Eye Drops To Prevent Cataracts

Dr. Kisling Cataracts, Eye Nutrition, Uncategorized Leave a Comment

Eye Drops For Cataracts?

An old eye drop maybe making a new comeback. Pirenoxine, also known as Catalin in Japan, was the subject of a recent study in China. [1] The study tested the ability of Pirenoxine (PRX) to inhibit cataract formation in test tubes. The test tubes contained crystallins, a protein found in the lens inside the human eye.  PRX appears to act by binding calcium and selenite ions. Both of these ions have been shown to contribute to cataract formation in the cortex (inner layer of the lens) when they are elevated. They act to increase the breakdown of the crystallins protein structure. By binding these ions the rate of of cataract formation in the test tubes was decreased by 38%.

Cataract Prevention Eye Drops In Use Since 1958

These eye drops have been used by eye doctors in Japan since 1958. A study in 2006 questioned why Japanese eye doctors are prescribing Catlin since there was no significant supporting evidence.[2] It has been thought to be a placebo type of treatment that has been widely adopted. Numerous companies have manufactured pirenoxine overseas under a variety of trade names. Both Allergan and Alcon have made versions of pirenoxine. Takeda is a large phamaceutical company in  a number of other countries. Santen, Ferron,  and Farmigea all produce a brand. Clarvisan, Clarvisor, and Baineiting are some of the different brands that can be found around the world. There is no FDA approved eye drop in the United States at this time.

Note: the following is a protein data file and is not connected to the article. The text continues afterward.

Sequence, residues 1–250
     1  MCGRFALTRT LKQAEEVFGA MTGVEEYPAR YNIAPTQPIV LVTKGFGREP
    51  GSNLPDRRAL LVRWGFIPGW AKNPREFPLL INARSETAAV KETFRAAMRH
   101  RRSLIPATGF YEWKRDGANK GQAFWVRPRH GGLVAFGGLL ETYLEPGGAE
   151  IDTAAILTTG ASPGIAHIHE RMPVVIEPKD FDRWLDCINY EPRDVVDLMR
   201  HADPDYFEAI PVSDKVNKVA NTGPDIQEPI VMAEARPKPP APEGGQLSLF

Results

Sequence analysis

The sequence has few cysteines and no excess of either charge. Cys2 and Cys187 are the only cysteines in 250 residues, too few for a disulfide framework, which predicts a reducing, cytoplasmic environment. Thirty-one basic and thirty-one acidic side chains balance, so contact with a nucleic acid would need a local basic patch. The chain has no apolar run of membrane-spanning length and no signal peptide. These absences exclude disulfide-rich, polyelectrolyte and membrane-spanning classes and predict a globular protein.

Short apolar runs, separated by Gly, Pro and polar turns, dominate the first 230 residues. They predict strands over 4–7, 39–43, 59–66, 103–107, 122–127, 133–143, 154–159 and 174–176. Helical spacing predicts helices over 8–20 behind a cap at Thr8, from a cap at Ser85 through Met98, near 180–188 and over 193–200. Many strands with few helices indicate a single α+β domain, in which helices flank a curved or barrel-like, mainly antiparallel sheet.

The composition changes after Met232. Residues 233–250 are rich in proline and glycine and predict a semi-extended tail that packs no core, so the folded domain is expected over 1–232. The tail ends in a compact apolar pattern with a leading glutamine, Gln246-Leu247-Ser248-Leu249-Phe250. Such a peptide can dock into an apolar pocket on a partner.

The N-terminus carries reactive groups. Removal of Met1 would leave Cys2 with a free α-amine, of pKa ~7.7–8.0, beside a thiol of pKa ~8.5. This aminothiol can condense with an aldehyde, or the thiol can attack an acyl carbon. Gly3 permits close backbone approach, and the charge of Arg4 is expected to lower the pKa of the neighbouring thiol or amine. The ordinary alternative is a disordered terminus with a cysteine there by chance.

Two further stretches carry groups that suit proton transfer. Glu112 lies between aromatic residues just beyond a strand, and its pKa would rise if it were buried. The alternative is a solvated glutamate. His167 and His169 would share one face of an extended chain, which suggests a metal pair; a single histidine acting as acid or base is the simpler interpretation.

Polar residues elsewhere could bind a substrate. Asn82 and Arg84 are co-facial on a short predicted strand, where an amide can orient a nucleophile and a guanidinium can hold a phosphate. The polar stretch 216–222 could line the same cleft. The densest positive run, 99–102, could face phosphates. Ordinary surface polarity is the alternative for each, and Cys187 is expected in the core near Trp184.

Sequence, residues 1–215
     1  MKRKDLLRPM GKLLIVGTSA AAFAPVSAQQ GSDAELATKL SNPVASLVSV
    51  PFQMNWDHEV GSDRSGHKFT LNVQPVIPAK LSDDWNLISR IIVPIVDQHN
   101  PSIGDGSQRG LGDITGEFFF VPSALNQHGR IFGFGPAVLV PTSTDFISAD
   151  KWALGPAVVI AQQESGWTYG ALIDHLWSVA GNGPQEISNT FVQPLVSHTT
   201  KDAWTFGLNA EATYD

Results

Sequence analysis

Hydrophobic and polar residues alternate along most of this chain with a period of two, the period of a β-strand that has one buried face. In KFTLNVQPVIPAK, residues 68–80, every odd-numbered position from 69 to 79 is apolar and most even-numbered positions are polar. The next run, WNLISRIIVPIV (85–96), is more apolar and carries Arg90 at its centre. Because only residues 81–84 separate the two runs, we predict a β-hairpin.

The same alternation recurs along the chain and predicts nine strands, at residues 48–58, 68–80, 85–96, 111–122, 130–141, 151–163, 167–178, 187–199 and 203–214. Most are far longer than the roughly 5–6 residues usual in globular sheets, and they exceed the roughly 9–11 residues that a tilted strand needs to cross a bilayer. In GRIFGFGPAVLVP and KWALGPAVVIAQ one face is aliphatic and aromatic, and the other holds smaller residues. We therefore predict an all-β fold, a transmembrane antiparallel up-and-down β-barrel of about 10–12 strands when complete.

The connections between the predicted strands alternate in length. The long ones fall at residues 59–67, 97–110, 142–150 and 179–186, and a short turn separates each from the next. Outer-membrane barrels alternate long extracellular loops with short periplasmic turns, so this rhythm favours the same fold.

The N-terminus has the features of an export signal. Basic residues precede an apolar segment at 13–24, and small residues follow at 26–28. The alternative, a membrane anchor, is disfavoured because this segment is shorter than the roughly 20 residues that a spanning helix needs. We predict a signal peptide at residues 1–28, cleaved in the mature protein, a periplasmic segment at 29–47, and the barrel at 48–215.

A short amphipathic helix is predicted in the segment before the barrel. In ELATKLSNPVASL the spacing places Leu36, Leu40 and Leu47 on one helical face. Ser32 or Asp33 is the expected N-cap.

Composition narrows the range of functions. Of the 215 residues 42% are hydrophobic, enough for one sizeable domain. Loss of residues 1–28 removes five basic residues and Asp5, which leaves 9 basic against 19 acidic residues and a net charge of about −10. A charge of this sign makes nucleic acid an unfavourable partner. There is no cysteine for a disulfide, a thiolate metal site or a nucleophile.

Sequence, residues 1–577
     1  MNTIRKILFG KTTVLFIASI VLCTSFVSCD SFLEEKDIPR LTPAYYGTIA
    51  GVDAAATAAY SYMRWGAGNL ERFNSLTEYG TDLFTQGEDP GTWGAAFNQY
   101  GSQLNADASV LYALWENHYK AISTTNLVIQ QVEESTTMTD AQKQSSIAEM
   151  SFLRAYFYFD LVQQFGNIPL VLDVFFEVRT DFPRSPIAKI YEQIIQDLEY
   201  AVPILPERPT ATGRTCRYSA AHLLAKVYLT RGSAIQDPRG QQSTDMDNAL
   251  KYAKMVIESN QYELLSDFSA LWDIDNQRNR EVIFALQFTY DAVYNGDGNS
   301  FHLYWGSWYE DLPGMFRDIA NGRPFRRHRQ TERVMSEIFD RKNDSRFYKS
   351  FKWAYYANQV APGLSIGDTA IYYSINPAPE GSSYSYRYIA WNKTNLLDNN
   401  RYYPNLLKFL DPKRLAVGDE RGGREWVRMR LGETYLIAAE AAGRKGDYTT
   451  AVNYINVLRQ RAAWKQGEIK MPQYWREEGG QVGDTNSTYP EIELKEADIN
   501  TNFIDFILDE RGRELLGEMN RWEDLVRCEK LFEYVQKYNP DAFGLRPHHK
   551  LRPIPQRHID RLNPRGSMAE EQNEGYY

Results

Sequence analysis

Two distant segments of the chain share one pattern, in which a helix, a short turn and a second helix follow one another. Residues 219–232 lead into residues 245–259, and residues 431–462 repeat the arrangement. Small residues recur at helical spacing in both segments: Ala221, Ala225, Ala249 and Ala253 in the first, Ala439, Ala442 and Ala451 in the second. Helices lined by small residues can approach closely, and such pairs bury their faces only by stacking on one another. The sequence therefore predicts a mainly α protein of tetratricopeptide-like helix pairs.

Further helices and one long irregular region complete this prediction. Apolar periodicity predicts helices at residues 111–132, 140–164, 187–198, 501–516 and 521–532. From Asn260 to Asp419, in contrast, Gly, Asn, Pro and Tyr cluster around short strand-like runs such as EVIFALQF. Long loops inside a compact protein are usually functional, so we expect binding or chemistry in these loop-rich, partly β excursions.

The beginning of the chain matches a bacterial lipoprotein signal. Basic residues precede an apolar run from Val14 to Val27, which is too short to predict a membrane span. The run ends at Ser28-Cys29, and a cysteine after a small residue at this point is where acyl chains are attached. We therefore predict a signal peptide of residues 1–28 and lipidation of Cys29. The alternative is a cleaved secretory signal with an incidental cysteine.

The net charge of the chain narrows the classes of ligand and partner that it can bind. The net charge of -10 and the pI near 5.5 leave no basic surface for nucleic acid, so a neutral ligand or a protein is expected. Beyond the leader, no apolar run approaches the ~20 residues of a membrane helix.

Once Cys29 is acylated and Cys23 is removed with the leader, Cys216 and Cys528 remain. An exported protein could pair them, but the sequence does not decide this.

Problems With Cataract Prevention Eye Drops

There are several potential problems with the PRX eye drop medications. Research has not yet shown any effectiveness for treating or preventing cataracts in the living eye. Another significant issue lies in the solution used to deliver the drops to the eyes. Thimerosal is used as a preservative in common preparations of this eye medication. Thimerosal is a derivative of mercury, and has a fairly high rate of allergic reactions. It also is mildly toxic to the cornea tissue of the eye, and may cause undesirable long term changes when used on a chronic basis.

We should see more research in the future that addresses both of the problems above. Hopefully we will have a new treatment for cataracts not too far down the line.

Inorg.Chem. 2011, 50 (1), pp 365–377

Sekimoto M, Imanaka Y, Kitano N, et al. Why are physicians not persuaded by scientific evidence? A grounded theory interview study. BMC Health Serv Res 2006 Jul 27; 6:92

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